Coldwater Gardens offers a number of different accommodations, from tent camping on the riverbed, to glamping in yurts, and luxury treehouses. I rarely talk about places to stay, because it’s not a priority for me when I travel. I don’t generally spend a lot of time at resorts or hotels, and at the end of the day I kind of feel like a bed is a bed. But Coldwater Garden is not just a place to sleep. It’s an experience, one I won’t soon forget.
Madison Blue Springs State Park
Walking excitedly down the boardwalk to the first freshwater spring on our itinerary, I had no idea what to expect. I’d seen so many photos, but was trying to manage my expectations. Morale was already a little low that morning. On the drive over, I’d discovered that we were too late in the season to see the Manatees. A fact that was apparently common knowledge to everyone but me.
Turning the corner, the first thing I saw was yellow caution tape. The main staircase and entrance down to the water was under construction and completely closed off. Maybe it was the caution tape, maybe we were intimidated by the scuba divers, or the fact that we weren’t quite sure if it was even open, but for whatever reason we left without swimming. In hindsight it was probably a mistake. But now there’s just one more thing to go back for!
I heard the truck before I saw it. The bass reverberated through the van as we waited to pick up our paddle board from the rental shop. Finally, a huge black truck with giant chrome rims rolled into view. It slowed down momentarily before continuing down the sandy road toward the springs. The bed of the truck was filled to the brim with half-dressed teenagers brandishing an arsenal of what was possibly every inflatable toy available that side of the Mississippi. We had been traveling through the south for a little over a week, but it wasn’t until Ginnie Springs that I knew I was in for a different type of cultural experience.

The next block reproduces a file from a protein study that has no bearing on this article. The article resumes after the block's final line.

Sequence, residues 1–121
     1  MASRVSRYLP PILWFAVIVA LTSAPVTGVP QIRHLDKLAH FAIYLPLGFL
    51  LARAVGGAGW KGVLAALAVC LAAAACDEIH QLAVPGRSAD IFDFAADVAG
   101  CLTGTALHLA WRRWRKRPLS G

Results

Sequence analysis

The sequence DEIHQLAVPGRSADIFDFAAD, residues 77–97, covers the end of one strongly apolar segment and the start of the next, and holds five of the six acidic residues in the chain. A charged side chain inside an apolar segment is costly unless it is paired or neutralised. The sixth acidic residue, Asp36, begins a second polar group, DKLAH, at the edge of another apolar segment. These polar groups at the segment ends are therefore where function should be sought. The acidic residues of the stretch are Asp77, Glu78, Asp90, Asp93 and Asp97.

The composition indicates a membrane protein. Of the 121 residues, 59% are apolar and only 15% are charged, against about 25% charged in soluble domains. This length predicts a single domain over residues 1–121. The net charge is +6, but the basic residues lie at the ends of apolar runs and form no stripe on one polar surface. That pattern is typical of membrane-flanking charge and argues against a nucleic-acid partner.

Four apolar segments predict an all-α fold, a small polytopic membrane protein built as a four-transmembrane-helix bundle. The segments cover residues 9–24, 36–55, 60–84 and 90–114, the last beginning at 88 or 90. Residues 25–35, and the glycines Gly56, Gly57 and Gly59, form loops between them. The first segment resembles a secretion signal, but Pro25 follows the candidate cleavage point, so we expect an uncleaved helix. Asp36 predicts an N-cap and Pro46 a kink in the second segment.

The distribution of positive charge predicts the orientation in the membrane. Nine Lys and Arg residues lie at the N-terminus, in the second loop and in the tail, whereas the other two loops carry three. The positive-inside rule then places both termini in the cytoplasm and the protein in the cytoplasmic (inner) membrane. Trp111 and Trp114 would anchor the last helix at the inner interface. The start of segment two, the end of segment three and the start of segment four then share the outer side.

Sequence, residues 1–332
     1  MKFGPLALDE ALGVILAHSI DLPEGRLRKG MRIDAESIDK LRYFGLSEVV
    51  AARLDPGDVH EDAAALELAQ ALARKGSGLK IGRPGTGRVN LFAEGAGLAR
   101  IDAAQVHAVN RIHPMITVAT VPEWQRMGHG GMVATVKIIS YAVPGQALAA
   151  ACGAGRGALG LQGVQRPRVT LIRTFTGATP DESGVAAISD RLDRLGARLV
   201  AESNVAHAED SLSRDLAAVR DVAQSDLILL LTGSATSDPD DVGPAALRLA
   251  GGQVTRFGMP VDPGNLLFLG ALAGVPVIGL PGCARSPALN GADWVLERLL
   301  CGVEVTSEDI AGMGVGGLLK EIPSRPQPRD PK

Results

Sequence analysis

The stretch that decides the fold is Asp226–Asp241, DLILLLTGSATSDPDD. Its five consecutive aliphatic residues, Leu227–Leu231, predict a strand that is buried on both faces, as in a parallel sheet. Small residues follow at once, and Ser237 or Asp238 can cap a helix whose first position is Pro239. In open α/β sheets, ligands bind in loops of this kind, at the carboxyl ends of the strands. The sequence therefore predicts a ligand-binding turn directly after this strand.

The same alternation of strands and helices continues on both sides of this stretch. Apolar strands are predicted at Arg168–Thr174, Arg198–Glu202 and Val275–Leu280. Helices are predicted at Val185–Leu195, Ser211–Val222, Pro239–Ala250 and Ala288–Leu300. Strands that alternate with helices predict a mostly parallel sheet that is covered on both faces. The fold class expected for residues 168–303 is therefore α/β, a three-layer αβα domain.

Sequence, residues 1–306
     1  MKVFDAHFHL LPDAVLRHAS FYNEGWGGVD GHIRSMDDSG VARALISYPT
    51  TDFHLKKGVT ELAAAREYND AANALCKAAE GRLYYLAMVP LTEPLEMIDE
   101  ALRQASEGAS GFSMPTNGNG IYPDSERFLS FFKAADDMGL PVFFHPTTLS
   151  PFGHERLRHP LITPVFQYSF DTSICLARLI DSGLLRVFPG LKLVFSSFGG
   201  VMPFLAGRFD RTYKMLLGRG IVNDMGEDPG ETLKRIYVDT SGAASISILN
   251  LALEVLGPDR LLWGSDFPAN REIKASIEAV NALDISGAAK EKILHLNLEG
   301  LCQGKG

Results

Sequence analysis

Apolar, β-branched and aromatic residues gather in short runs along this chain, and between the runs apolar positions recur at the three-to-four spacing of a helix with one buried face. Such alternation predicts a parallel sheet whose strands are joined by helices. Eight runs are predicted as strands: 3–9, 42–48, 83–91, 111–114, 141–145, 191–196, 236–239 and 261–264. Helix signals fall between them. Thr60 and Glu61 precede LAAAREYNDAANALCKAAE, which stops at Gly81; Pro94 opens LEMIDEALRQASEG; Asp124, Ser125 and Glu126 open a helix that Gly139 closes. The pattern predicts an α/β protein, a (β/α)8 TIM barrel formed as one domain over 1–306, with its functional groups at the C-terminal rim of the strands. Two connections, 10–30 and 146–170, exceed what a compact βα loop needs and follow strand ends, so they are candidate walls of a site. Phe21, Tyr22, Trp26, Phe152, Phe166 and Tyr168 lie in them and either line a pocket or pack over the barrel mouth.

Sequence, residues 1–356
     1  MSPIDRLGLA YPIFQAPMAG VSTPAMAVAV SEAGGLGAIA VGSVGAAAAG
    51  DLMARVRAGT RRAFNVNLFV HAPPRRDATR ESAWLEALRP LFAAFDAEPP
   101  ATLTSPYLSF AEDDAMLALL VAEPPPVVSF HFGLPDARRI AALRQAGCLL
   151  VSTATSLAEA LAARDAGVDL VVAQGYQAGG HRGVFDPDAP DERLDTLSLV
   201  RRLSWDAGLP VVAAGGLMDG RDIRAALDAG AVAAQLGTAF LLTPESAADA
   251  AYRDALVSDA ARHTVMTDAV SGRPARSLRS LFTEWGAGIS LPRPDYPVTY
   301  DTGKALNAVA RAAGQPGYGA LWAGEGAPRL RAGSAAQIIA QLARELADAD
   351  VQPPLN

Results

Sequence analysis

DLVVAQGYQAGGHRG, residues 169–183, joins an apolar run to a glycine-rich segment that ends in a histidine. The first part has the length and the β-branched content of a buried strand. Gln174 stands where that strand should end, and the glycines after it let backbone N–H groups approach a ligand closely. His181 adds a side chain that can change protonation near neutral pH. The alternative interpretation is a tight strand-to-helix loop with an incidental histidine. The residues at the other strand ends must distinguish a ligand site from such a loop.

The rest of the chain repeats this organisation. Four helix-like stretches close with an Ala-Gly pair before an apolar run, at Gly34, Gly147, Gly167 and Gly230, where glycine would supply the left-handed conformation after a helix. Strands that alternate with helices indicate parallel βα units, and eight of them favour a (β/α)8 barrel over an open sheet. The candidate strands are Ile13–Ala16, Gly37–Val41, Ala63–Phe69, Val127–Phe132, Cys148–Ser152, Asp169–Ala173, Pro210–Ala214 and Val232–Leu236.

Ginnie Springs is its own world. It’s like an all ages summer camp where anything goes, and competing interests manage to seamlessly coexist. There’s volleyball, river floating, scuba diving, and copious amounts of drinking. It’s a quiet retreat into nature, and a block party all at once. But for all Ginnie Spring’s eclectic charm, there are two things I can pretty much guarantee; you’ll have fun, and the water will blow your mind.
Gilchrist Blue Springs State Park
Just down the road from Ginnie Springs, Blue Spring State Park is equally beautiful. If I had to choose just one spring to visit—which I wouldn’t recommend—then Blue Springs with its “Cool Blue” Gatorade colored water and conveniently placed observation deck would probably be it. Plus, because it’s a state park, as opposed to privately owned like Ginnie Springs, you can enjoy it for a fraction of the cost.
The beautiful natural freshwater springs in Florida are a critical habitat for a number of different species, and an important clean water resource. As always, if you are lucky enough to visit them, please leave no trace and take only photos. If you’d like to learn more about the freshwater springs, their aquatic ecology, or ways you can help preserve them, the Florida Springs Institute is an excellent resource!
It might sound dramatic to say that we drove across the entire country just to see Devils Den, but it wouldn’t be too far from the truth. Resembling one of the underground cenotes that the Yucatan Peninsula is so famous for, photographs of Devil’s Den have been popping up on social media for years. Eventually curiosity got the best of us. Was there really a cenote in the middle of Florida? The answer of course is yes. Yes there is.
Devil’s Den is a privately owned scuba training center – and the operators are pretty intense about keeping it that way. It’s only open to scuba divers and snorkelers – not swimmers, casual visitors, children under 6 years old, or photographers there fore the “gram” (only kind of joking). So if you plan on visiting, and you want to get a photo of your experience, be prepared to spend a pretty penny on gear and entrance fees. Also, and I cannot stress this enough: GET THERE EARLY! Like before it opens early. And don’t go on a weekend… unless you have to.